In “Frankenstein”, Mary Shelley exemplifies each woman as submissive and disposable. Three ideas that present Shelley’s point of view are that women are seen as possessions, female characters are used only to mirror the male characters, and that women in the novel are portrayed as the representative women of the time period. Female characters like Elizabeth, Justine, Margaret, Safie, and Agatha serve a specific purpose in the novel. The creation and planned destruction of the monster were surrounded by the actions of two main female characters, which strengthen the importance of their influence upon Victor Frankenstein.
Frankenstein’s father first met Caroline Beaufort while she was taking care of her dying father “with the greatest tenderness”. She is first female encountered in the novel and becomes a model around which many of the other females are based. Caroline is the exception to the other women in the novel because she is not as innocent and passive as them, she acts righteously and sacrifices her life when she aids Elizabeth to recover from a severe case of scarlet fever. Elizabeth’s submissive nature represents how she becomes like a puppet to Victor.
She is described as a possession rather than an individual and was treated as though she was not capable of making her own decisions and needed a man to guide her. Frankenstein admits, “I looked upon Elizabeth as mine” and the fact that she must be “owned” in such a way suggests her weakness and vulnerability. A key character that is seen in the novel is the Frankenstein’s servant, Justine. She has a character that is very passive and is the one who rarely speaks in the novel.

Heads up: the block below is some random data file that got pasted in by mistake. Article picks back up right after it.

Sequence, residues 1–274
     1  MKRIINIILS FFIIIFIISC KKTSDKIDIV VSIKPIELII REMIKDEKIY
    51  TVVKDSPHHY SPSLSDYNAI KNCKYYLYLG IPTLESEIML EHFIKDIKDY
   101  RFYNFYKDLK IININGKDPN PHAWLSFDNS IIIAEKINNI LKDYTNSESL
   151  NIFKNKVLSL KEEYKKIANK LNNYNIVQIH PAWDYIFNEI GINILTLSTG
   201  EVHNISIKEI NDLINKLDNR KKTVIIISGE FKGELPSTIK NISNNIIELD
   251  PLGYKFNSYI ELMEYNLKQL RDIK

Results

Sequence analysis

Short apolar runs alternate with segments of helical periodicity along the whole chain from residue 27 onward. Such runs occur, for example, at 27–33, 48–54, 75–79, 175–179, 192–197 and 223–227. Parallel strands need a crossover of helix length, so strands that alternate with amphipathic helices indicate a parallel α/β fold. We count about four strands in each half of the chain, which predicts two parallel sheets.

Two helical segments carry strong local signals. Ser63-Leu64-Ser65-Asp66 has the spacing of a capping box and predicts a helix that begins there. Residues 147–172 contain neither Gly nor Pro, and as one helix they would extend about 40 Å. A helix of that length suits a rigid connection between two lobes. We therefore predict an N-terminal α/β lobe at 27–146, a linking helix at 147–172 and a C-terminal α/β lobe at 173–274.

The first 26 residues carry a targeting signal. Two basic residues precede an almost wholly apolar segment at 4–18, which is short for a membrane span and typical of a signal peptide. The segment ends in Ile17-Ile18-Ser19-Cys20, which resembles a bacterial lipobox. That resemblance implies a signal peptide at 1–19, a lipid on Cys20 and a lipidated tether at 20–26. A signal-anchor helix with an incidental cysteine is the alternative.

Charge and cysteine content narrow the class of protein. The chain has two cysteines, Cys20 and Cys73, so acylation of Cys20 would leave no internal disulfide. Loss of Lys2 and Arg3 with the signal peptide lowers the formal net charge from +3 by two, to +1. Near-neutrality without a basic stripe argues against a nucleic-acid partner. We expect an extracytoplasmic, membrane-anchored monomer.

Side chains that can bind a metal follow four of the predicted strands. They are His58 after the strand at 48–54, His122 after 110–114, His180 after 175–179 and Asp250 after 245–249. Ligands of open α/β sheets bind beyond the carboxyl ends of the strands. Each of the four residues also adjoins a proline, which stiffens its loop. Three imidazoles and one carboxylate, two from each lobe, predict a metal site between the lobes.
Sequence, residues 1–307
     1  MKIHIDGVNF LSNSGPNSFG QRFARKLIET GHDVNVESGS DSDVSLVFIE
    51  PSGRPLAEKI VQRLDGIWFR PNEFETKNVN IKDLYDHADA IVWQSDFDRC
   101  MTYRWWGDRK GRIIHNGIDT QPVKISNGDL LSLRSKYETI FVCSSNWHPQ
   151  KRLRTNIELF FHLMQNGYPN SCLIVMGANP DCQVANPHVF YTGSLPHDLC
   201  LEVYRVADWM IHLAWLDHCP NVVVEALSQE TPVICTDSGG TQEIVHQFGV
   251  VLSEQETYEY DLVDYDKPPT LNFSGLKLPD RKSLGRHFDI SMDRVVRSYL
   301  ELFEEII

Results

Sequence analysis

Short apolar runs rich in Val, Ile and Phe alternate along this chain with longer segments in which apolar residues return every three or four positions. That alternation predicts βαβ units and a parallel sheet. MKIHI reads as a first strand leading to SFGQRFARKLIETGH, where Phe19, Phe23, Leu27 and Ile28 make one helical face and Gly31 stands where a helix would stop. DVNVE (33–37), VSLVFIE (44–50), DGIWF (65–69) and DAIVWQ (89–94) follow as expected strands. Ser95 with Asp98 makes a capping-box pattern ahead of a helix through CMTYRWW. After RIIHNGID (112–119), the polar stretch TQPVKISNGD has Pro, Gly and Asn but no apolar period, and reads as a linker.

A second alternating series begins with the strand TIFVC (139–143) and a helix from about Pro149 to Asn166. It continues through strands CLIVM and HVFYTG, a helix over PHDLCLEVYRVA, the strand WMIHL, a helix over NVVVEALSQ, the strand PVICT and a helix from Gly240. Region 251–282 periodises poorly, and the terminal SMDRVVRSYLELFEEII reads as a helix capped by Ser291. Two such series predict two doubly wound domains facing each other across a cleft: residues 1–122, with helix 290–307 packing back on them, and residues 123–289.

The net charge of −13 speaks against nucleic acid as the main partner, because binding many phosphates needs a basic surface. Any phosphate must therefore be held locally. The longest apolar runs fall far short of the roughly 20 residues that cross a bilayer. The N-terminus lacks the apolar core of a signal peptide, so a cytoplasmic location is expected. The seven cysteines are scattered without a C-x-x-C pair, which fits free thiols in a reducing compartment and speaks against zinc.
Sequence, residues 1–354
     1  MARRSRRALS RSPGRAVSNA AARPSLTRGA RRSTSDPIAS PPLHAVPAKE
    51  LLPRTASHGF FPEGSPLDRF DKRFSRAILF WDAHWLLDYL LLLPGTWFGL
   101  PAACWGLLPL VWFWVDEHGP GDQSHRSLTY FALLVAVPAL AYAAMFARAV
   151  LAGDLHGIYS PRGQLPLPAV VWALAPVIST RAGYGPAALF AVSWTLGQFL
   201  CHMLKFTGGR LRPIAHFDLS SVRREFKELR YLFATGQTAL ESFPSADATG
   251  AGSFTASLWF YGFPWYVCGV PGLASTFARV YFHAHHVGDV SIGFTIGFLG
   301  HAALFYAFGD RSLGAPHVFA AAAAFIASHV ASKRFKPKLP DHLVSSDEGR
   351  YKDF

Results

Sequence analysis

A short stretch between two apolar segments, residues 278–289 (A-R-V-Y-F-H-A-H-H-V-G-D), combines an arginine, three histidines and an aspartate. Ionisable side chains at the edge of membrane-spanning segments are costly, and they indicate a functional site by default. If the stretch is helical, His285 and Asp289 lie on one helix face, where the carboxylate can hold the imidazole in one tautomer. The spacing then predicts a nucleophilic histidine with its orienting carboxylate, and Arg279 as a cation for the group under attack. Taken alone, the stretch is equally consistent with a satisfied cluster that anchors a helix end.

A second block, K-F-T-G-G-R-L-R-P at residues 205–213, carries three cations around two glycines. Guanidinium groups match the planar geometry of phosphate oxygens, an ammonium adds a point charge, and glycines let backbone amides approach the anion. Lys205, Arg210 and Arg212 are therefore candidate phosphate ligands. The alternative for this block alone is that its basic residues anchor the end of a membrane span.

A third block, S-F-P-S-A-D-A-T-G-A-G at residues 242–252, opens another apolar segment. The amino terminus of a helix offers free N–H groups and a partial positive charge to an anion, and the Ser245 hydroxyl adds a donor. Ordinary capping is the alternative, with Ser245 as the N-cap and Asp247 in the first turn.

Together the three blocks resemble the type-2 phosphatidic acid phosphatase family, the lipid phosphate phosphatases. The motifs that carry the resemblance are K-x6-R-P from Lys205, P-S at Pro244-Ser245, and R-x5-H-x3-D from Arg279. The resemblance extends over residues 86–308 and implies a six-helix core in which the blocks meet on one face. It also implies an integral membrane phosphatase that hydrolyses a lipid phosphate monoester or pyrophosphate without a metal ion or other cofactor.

Justine is framed for the murder of William Frankenstein and even in the face of the greatest injustice, she never put up a violent struggle to fight for her life. Justine willingly took the death penalty for a crime she had nothing to do with. Her silence symbolizes how she is commanded to act quietly and shyly since she is a woman. The next female character encountered is Agatha. She is a kind and gentle female and her purpose is to exhibit compassion and righteousness.
Agatha’s female character serves to teach the monster about love and human relationships. The monster’s next lesson comes from another female close to Agatha, Safie. She arrives from Arabia and must be tutored to learn English. Safie’s lessons become his own as well; she is a tool for his education, becoming yet another passive female character. Finally, Margaret’s character has the most passive role of all. Does she really exist? Does she ever read the story or gets the letters? Does she have anything to say about it?
Margaret’s character is questionable; she is the most distant and passive female character in the novel and also the most necessary to the novel as a whole. Both Victor and the monster share the same views of women. At the beginning the woman were an object of desire but eventually they turn into objects of revenge. For them, a woman is vital since these provide comfort and acceptance. Elizabeth provides the joy that can alleviate Victor’s guilty conscience of creating such a dreadful monster, and this is similar to what the monster is looking for in a companion.
But the monster pursues a female so he will not feel guilty about his horrible existence. Having a female companion will make him feel better about himself and also, provide someone who will be at his side. Throughout Mary Shelley’s “Frankenstein”, various views of women and their role in society are presented. And although the female characters in Frankenstein are not given significant importance in a direct way, their influence upon Victor Frankenstein drives the entire plot.
Mary Shelley wrote from three different perspectives, using three narrators, all male. The contrast between the male and female characters in the novel is very clear; the male characters are described in great detail and they have voices, which they use to tell their stories with. All female characters are described in little detail; therefore this reduces their importance in the novel. The perception of women, especially Frankenstein’s, is a key element of the book. In short, the female characters in the play are essential to understand Frankenstein’s nature.